It is not widely known, but it is a fact: when the tar sands are counted, and the exaggerated claims of the Saudi reserves are corrected for accuracy, Canada has the largest remaining oil reserves in the world. And while Canada is rapidly expanding its environmentally devastating oil extraction from the tar sands and plans for a new pipeline are being laid to suck the black gold from out under the people’s feet, and the oil companies are raking in many billions of dollars a year in profits, why is it that it is unspeakable and unthinkable to charge a fair and just price for the extraction by these companies in the form of royalty payments made to the Canadian people? When certain Scandinavian countries charge $8 a barrel in extraction fees, paid as royalties to the people of the land, and Canada charges less than a dollar a barrel – while massively subsidizing the already profitable oil giants – something is clearly awry. Why is it that a fair price for extraction of a public resource, a resource of the commons, a resource that belongs to the people, paid to the people in return for the very lucrative opportunity to carry off this national treasure to whomever will pay the highest price abroad, is an utterly inexpressible, unutterable thought, and nary a word is whispered of this most obvious and patently just and sensible notion by the political elite or the mass media? The answer is as clear as the profits are exorbitant: big oil dominates the capital and the political process, and none dare speak the truth that stares us daily in the face, let alone challenge the situation and right the wrong. Raising the extraction rates by seven dollars a barrel would still leave the oil companies with large, fat profits, although admitedly, the tar sands might be less lucrative, and possibly not feasible economically for some few years, until the price of oil rises further on the world stage, as it will. Such a modest and completely justified increase in extraction rates, as decided upon and enacted by a democratic government of the people, by the people, for the people, would flood the public coffers with funds, making ample money available for the development and creation of a clean and green, renewable energy and transportation system for the nation, as well as for social programs such as health care, education, day care and affordable housing. But while this should be an obvious and immediate step that is taken at once to bolster funding for a transition to a green and just society as well as the funding of much loved and overwhelmingly popular social programs, it is not even possible to mention the idea without immediately being excommunicated from the mainstream political discourse, raising the fevered ire of the corporate elite, and possibly risking a burning at the stake. Oil companies rule this fair and gentle land, and once again, the people and the earth be damned.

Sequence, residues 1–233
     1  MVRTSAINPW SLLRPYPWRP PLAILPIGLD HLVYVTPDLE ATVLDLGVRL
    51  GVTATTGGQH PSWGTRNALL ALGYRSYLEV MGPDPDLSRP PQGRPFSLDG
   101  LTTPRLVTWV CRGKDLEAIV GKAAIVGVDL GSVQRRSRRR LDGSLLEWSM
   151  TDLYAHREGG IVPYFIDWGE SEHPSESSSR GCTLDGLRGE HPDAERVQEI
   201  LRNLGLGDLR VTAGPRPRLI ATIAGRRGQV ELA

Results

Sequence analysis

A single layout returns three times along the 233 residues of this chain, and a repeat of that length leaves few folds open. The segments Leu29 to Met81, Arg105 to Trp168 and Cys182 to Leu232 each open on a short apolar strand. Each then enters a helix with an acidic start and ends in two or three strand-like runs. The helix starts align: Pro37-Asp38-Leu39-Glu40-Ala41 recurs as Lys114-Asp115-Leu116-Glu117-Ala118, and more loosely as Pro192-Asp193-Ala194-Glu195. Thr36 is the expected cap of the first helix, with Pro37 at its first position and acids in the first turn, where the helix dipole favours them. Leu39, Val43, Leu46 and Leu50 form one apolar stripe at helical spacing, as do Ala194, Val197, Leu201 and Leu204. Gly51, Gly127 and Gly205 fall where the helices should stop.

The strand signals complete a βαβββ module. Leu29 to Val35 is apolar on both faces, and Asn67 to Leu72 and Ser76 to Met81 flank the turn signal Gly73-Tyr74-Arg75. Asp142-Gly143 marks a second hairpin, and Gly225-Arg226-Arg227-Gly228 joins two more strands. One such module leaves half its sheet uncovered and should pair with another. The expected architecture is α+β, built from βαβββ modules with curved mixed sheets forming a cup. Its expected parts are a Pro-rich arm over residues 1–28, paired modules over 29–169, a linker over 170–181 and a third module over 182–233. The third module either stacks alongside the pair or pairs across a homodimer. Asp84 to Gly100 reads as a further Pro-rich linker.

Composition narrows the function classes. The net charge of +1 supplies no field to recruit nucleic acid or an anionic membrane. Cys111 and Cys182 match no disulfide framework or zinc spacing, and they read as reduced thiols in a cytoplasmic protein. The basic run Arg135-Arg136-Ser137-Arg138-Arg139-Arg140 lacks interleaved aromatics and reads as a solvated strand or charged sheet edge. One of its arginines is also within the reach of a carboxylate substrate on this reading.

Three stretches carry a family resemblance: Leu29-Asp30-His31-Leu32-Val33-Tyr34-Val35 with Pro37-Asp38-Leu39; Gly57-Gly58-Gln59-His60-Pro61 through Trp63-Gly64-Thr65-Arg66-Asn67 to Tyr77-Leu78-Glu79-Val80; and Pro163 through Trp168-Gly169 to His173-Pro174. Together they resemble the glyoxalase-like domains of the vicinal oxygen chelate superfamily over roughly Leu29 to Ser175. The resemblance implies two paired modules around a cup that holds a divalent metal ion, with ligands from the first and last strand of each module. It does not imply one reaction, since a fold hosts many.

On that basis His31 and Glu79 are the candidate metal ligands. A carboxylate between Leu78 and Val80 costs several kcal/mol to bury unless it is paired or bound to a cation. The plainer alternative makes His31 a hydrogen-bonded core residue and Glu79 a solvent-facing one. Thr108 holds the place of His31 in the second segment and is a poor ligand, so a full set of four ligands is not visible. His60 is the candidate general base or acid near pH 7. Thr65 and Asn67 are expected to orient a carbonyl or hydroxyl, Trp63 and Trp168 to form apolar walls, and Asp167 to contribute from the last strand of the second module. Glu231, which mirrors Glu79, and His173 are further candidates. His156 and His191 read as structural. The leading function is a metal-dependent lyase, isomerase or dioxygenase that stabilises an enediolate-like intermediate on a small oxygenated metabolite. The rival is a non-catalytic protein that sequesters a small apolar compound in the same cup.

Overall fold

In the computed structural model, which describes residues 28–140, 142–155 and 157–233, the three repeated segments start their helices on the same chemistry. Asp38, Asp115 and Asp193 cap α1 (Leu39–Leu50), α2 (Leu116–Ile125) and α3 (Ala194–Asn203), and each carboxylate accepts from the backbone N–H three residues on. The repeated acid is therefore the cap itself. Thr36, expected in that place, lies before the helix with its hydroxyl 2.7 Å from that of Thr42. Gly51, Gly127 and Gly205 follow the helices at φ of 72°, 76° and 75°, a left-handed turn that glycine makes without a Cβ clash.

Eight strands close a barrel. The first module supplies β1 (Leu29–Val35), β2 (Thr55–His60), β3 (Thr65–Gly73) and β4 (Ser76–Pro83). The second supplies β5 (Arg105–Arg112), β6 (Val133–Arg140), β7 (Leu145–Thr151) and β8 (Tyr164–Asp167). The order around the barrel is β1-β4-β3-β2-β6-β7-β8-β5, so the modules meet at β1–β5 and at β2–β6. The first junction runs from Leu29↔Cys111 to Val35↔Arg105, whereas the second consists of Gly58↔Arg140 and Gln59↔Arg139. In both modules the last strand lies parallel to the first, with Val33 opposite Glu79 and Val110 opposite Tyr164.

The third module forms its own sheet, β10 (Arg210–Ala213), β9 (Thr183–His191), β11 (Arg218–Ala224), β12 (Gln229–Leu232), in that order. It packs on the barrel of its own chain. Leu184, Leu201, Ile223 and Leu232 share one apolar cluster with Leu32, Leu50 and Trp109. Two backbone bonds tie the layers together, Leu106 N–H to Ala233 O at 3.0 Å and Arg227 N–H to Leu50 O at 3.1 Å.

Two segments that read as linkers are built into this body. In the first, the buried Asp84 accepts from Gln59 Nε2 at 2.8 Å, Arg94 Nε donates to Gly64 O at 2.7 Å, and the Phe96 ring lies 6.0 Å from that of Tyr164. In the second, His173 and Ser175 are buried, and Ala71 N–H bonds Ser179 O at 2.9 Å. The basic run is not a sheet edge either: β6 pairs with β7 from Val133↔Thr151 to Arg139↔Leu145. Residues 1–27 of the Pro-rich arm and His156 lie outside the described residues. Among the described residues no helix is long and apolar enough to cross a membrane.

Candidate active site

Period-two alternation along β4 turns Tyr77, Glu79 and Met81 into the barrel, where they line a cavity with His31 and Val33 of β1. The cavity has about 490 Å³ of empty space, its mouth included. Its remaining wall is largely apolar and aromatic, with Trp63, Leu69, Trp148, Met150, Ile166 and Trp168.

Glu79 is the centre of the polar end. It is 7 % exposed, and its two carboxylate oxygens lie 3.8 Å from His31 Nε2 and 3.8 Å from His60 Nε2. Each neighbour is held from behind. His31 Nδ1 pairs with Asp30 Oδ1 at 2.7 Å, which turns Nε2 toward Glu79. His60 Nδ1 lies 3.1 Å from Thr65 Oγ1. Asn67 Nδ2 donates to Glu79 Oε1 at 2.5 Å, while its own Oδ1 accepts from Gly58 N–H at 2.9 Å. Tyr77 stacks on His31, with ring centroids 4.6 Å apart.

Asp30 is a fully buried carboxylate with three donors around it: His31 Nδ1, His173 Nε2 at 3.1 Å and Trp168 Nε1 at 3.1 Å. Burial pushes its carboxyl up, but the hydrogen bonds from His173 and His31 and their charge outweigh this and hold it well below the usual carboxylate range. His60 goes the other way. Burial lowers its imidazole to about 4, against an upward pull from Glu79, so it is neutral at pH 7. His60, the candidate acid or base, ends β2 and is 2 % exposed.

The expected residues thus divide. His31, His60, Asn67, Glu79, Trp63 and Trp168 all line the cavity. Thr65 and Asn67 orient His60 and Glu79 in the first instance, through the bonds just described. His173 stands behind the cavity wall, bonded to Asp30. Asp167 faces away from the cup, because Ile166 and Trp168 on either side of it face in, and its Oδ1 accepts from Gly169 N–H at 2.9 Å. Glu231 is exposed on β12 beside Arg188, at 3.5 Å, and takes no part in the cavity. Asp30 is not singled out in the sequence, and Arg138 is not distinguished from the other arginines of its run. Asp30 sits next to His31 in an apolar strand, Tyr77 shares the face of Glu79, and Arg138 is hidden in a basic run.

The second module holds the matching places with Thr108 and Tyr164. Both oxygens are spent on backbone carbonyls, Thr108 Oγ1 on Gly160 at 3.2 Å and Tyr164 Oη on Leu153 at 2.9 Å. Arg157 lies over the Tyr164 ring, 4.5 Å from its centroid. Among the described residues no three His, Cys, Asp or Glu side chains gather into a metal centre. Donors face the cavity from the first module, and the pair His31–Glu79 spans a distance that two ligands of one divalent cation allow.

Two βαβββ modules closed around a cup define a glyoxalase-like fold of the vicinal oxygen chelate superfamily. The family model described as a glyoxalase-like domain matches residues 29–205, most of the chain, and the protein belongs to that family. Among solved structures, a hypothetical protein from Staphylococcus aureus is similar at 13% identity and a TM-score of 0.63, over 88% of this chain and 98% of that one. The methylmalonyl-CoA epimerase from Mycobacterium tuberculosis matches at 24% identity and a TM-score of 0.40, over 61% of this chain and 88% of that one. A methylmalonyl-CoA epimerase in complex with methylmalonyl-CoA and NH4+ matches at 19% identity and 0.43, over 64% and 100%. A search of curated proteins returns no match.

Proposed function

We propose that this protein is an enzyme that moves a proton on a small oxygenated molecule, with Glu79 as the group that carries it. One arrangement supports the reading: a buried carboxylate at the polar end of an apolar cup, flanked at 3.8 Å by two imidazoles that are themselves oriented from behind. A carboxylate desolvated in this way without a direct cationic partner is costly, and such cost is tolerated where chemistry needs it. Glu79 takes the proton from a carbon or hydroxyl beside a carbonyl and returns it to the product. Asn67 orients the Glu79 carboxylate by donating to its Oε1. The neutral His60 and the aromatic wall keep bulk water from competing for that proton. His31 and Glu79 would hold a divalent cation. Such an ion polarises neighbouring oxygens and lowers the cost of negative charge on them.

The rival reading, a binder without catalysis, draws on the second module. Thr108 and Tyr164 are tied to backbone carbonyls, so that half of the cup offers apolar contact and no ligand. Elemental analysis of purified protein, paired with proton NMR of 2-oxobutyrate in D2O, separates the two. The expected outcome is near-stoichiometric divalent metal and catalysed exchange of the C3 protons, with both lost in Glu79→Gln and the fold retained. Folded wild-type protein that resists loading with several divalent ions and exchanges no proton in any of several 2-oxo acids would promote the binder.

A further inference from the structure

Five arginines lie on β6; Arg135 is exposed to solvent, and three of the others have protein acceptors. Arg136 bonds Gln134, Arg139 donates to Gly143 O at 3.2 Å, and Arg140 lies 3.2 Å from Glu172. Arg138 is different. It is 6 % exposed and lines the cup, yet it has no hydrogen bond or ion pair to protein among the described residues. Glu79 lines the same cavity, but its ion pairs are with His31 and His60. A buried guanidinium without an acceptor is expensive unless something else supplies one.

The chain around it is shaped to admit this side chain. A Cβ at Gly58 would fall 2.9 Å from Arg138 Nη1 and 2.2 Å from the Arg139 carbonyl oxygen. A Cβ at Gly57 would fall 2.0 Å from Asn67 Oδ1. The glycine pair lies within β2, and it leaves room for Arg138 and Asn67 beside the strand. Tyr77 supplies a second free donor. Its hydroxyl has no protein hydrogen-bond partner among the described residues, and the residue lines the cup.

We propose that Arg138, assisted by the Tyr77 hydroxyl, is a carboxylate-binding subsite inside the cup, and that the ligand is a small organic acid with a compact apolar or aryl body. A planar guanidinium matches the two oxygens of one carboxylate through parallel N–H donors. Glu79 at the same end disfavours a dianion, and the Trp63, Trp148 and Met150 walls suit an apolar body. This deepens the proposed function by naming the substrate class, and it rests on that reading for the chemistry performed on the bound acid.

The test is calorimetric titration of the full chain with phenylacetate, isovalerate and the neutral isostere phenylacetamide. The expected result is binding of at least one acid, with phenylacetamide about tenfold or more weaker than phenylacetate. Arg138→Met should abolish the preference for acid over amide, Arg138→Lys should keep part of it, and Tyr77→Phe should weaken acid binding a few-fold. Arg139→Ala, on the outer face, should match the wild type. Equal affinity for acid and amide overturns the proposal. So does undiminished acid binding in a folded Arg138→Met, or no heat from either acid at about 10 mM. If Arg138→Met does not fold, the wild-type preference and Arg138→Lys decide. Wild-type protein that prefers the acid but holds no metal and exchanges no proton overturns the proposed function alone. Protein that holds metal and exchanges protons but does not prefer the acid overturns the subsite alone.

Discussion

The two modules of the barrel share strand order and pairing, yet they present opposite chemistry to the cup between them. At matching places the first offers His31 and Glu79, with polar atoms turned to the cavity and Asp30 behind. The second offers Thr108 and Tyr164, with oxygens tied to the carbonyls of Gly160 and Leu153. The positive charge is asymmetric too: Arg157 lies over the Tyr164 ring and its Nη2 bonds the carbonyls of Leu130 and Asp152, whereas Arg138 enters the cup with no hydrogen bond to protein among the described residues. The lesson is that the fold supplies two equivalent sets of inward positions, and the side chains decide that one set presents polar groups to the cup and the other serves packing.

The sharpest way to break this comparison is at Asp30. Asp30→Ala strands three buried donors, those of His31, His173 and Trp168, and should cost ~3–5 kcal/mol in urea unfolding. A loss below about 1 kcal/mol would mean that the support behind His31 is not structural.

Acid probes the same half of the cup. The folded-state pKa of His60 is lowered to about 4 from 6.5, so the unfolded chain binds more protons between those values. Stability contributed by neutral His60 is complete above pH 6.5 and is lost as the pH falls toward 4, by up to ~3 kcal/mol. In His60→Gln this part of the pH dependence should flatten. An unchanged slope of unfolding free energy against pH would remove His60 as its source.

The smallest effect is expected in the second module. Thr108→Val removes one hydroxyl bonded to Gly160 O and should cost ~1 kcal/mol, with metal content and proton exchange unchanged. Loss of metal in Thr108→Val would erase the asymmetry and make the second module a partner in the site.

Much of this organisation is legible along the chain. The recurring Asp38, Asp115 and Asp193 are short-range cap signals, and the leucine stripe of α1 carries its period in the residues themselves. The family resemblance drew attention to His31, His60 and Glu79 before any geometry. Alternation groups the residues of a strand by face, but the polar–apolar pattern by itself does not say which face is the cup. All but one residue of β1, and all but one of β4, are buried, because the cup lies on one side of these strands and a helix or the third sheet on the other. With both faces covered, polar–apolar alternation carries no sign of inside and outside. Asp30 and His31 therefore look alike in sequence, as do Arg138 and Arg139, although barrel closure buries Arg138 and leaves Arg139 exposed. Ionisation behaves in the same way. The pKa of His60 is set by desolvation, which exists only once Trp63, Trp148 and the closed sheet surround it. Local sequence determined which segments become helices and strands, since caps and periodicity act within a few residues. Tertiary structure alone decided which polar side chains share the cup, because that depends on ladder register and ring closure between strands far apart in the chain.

Why do we not have a massive and much-needed investment by governments in infrastructure, creating not just the groundwork and foundation for an ecological society, but truly enormous job creation and economic stimulus in the process, launching continent-wide energy-efficient light rail, mass transit networks and a clean, renewable solar-hydrogen infrastructure? California put in place the first leg of a hydrogen highway, at a cost of $100 million. For under $20 billion we could have a zero-emmission, clean, renewable solar-hydrogen fuel and transportation network that spans all of North America – this may sound like a lot of money, and it is, but it is just 10% of the annual cost of maintaining the imperial wars in the Middle East and North Africa. The money spent on the wars in Iraq and Afghanistan alone have now cost over $2.5 trillion. That is approximately 100 times the amount needed to build a zero-emmission, clean, renewable, energy self-reliant solar-hydrogen infrastructure for the entire continent of North America. The U.S. federal government has admitted that over $1.2 trillion goes missing every year into black ops – Congress is unable to trace it, but it is acknowledged. Get rid of the military-industrial complex and the CIA and there will be over $1.5 trillion a year for green infrastructure, environmental protection and remediation, and also funds to help the rapidly sinking great majority of the American people and create jobs through such green infrastructure projects. Why don’t we have an enormous and urgently needed green infrastructure program right now? Because vested interests oppose it – because the Wall St. kleptocrats and their political allies have pillaged the nation to the extent that the country is now on the brink of bankruptcy, and more importantly, because the corporate elite insist upon ongoing, astronomically expensive and murderous wars for oil and other natural resources, thus entailing an absolute paucity of funds for anything that matters in terms of ecological sanity or human well-being. Bringing the troops home and ending wars for oil and other natural resources would save more than enough to build a continent-wide clean and renewable, green transportation infrastructure, massively stimulating the economy and creating millions of jobs in the process – and it would still leave many hundreds of billions a year left over for funding schools, health care and other human needs. But we don’t have a green transportation infrastructure on the table, because this is not what the big oil, gas, coal, automotive and military-industrial giants want. Again, the people and the earth lose, because money rules over our politics, and not common sense, human decency, or environmental sensibility or even basic sanity.